MANILA, Philippines — The Armed Forces of the Philippines (AFP) is urging the China Coast Guard (CCG) to avoid any disruption during the upcoming resupply mission to the troops stationed at Ayungin Shoal aboard the BRP Sierra Madre.
Only the first half of the resupply mission has been completed while the next phase is scheduled for the following two weeks, according to AFP spokesperson Colonel Medel Aguilar in a news forum in Quezon City on Saturday.
If China Coast Guard ignores the call, Aguilar said, “We will watch how things unfold.”
The first attempt was interrupted when CCG vessels used water cannons against Philippine Coast Guard ships escorting boats on a mission to resupply the BRP Sierra Madre near Ayungin Shoal on August 5.
Aguilar said that despite the events on August 5, the AFP is “duty-bound to ensure the well-being of its personnel on the BRP Sierra Madre.”
“We are, therefore, committed to the conduct of another RoRe (rotation and resupply) mission for our personnel and to maintain our presence in Ayungin Shoal. This exercise of our sovereign rights and jurisdiction is a testament to our firm belief in the rules-based international order that underpins regional peace and stability,” he said.
While promoting peaceful solutions to conflicts, Aguilar stressed the resolve to protect the country’s maritime rights.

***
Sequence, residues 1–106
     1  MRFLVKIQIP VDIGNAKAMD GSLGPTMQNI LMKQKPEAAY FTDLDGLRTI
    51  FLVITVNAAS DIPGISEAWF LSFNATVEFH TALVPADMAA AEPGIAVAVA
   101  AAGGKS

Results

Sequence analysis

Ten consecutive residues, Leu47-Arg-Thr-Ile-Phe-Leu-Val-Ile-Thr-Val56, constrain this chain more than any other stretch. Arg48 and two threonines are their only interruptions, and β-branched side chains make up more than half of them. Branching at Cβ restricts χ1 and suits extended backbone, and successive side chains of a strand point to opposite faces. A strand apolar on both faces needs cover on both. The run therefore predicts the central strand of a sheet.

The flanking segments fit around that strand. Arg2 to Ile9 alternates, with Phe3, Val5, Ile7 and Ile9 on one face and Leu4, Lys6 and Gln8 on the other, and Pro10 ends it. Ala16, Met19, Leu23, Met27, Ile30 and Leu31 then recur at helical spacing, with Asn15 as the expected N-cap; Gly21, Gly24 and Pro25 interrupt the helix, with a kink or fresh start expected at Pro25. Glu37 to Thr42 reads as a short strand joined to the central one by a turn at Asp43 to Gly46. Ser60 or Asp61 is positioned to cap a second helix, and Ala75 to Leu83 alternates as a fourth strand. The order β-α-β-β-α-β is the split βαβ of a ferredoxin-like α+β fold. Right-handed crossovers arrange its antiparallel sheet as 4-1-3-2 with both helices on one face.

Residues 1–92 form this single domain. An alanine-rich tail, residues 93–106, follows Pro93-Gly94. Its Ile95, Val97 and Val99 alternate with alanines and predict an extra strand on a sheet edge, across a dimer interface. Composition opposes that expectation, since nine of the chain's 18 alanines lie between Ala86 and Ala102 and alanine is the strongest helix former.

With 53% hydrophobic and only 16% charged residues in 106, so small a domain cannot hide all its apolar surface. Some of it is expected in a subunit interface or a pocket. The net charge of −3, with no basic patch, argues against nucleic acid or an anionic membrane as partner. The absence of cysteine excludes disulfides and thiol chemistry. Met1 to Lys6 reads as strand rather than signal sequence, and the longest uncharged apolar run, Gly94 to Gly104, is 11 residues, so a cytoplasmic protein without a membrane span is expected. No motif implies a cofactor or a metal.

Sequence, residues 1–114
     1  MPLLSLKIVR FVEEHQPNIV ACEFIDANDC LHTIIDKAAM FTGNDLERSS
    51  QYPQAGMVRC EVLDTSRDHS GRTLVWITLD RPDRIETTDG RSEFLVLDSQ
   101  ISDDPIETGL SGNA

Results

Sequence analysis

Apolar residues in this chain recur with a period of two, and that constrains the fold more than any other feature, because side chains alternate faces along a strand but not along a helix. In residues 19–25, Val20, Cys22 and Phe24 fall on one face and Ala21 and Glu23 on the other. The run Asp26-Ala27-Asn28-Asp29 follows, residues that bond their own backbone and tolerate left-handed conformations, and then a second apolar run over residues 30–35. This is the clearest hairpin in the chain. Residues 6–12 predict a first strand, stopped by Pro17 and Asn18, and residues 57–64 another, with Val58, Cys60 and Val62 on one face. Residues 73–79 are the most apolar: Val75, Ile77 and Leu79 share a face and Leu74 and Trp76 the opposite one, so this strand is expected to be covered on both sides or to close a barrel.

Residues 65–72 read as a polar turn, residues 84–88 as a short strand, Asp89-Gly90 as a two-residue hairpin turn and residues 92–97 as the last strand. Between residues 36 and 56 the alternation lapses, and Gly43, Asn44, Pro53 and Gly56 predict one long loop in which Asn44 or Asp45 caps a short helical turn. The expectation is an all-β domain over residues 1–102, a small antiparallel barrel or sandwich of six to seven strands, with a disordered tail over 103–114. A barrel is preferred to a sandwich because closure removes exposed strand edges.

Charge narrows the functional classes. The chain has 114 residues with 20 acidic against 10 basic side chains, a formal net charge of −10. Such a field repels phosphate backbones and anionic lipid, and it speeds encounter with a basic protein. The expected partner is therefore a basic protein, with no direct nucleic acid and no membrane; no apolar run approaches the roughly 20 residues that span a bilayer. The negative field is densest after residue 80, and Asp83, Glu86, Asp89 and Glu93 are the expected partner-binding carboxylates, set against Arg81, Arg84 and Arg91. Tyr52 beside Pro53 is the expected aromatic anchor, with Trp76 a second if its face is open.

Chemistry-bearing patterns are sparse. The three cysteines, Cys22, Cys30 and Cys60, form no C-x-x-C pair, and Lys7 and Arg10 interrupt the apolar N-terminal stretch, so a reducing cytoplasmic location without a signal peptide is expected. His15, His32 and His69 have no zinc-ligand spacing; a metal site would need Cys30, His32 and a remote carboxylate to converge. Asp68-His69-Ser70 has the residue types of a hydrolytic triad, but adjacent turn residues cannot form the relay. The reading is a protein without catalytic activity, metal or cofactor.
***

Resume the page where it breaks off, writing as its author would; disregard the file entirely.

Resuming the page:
“We, therefore, call on all relevant parties to abide by their obligations under international law and respect the Philippines’ sovereignty, sovereign rights, and jurisdiction over its maritime zones,” the AFP spokesperson said.
“Ayungin Shoal holds a strategic importance for the Philippines and a fishing ground for our fishermen. Beyond its practical purpose, the RoRe mission to the shoal is a clear demonstration of our resolve to stand up against threats and coercion, and our commitment in upholding the rule of law,” he added.
The Ayungin Shoal, a submerged reef in the Spratly Islands, is situated within the Philippines’ exclusive economic zone and continental shelf, underlining the country’s sovereignty.
The BRP Sierra Madre, a rusty World War II-era ship was intentionally grounded by the Philippine Navy at Ayungin Shoal, also known as Second Thomas Shoal, in 1999. It serves as the country’s outpost in the West Philippine Sea.
The handful of Filipino marines stationed on the crumbling ship to assert the Philippines’ territorial claims depend upon resupply missions to survive their remote posting.
Since 2020, the government has lodged 445 diplomatic protests against China’s presence and actions in the West Philippine Sea, with 35 of them being filed this year.
Beijing claims almost all of the South China Sea, through which trillions of dollars in trade passes annually, and has ignored a 2016 international court ruling that its assertion has no legal basis.
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